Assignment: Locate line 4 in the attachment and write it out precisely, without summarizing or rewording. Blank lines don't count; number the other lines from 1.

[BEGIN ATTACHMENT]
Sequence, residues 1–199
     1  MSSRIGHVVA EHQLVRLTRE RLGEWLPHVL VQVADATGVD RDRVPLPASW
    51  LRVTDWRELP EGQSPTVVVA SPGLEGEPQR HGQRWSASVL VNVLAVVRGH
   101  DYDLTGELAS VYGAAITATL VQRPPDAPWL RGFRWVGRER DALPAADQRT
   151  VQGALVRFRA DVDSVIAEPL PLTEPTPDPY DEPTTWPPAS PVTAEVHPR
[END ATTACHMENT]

   101  DYDLTGELAS VYGAAITATL VQRPPDAPWL RGFRWVGRER DALPAADQRT